Why Are Teens Kicked Out Of Their Own Community?

Hi everyone and welcome back to A Kinder Galaxy. Today I’m going to be sharing my first discussion post on a topic I’m incredibly passionate about: ex. You may have seen my twitter thread on this a few weeks ago, but I thought it’d be better if I wrote a whole post on this as I have a lot of thoughts and opinions on the topic.

However, to get us started, I do recommend checking out the twitter thread I wrote first, as it expresses many of the thoughts I have on the topic: https://twitter.com/sissix_rosemary/status/904264873478991872

Now, onto the post.

As a fourteen year old teenager, I have been involved in the internet community since I was twelve. First through a lifestyle blog, then through another one (both of these I pretty much used as online diaries), and then I hopped to wordpress, where I continued the style of blog that I had before but created a goodreads and twitter. I was quickly introduced to the bookish community and it has become a massive part of my life to the point where I can comfortably spend a few hours a day trawling goodreads, wordpress and twitter, meanwhile forgetting about the books that incited me to join it. Oops…

But, as many of you may have noticed, whilst much of the book community is based around YA, much of the community and larger voices are not.

This is of course, the part where I put the disclaimer that I absolutely do not mind adults being part of and enjoying YA. Some of my best friends in the online community are adults, and I can completely understand why so many people love and enjoy YA – although it’s aimed at teens, adults enjoying it is fine. What I’m not fine with is white, allocishet, thirty year old women acting as if they are the leaders of this community and that their opinions are more valid than everyone else’s.

However, it’s not even that. More often than not, adults are the ones boosted and given the most time of day in the community, even though the books are not aimed at them. Adults who enjoy YA complain about how the fifteen year old protagonist in a book is ‘soooo immature’ whilst often forgetting that the protagonist is fifteen and bound to fuck up. Adults regularly talk over teens on teen issues and many teens, including myself, are incredibly annoyed over this.

There’s a little bit of leeway with adults in the 20-25 age group, but many of the ‘big voices’ in YA are older than this, on the cusp or in the mid of their thirties. Teenagers are often excluded and left out of other communities because of their age. I, personally, do not feel comfortable in a lot of other communities because of my age. So to be excluded – deliberately or not – from a community that was born specifically of the purpose to be for teenagers, is honestly horrible and I dislike it a lot.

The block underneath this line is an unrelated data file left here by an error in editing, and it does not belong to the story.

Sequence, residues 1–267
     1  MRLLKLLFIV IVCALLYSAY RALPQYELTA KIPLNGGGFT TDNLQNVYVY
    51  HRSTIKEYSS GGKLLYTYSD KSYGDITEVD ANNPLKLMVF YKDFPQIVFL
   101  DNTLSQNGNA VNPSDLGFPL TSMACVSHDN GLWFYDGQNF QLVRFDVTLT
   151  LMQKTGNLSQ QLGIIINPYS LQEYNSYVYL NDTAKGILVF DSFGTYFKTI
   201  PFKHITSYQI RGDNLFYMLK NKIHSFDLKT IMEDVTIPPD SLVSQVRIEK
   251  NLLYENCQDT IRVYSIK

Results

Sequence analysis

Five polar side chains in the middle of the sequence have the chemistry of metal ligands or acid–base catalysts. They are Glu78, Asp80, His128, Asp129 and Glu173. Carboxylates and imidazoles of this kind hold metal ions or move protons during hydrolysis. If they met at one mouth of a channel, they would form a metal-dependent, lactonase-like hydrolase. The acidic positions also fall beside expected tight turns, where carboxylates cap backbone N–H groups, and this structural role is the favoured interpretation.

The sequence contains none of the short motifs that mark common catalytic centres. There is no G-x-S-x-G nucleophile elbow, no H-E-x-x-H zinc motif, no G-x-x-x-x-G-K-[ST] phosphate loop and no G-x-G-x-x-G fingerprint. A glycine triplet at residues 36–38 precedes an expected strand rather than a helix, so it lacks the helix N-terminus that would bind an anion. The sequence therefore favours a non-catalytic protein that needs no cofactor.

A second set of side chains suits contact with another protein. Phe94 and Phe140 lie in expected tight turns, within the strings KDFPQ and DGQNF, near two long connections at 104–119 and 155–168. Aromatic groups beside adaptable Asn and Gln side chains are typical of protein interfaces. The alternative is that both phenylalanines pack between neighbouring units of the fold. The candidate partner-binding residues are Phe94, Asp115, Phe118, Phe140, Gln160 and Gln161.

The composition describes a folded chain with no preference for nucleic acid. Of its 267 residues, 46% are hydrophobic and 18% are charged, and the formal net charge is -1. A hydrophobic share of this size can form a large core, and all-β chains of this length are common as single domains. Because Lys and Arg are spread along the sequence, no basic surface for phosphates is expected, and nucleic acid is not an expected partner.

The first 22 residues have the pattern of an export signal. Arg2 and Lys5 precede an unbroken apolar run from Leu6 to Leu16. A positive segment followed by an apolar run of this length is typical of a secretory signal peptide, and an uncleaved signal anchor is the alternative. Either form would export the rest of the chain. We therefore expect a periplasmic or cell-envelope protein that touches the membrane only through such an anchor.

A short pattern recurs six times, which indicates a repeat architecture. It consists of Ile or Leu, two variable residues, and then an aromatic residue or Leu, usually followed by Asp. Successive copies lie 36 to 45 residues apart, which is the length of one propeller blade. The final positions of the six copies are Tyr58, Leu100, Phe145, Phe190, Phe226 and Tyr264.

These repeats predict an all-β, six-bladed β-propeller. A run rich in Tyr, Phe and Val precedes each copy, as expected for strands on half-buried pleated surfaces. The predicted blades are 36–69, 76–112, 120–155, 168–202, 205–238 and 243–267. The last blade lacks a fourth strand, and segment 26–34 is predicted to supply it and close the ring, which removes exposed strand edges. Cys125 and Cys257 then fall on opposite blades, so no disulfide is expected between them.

Earlier this year, I attended a YA event. One of the adults there (who was 24) made jokes about my age that I was highly not ok with and asked why I was there considering my age. Mustering up the courage to go to some of these events are big for me because of my anxiety, so to be treated like the butt of a joke was… Fun.

There’s also the problem that because teenagers are such a small part of the community, adults routinely think that it is ok for them to speak for teens, saying that the community should be for teens and so on. While this is a small amount of help, this erases teens even more and many adults cannot seem to get it through their heads that we are perfectly capable of speaking for ourselves. I cannot count the amount of times that adults have said ‘Listen to teens, the community is for them!’ yet not shown up when marginalized teens have adults harassing them in their mentions or simply refused to boost them or point towards teens that adults should be following.

Many marginalized teens are also at risk of extra harassment from non-marginalized adults. As a white person I won’t be speaking about racism in the community in this post, as it’s not my place, but as a young queer teen, I’ve shared my opinion at times only to have 27 year old adults come into my mentions to call me a f*****t or say that I’m too young to truly know my sexuality. As someone with raging anxiety, this is incredibly distressing and actually led me to shut down my previous twitter, @/slytherinwrite5. Teens are mostly composed of minors, and many can feel even more shut out of the community because of these horrifying acts. I’ve heard tales of marginalized teens being doxxed, having their mentions full of slurs, or being driven out of the community altogether because of the continuous harassment led their way.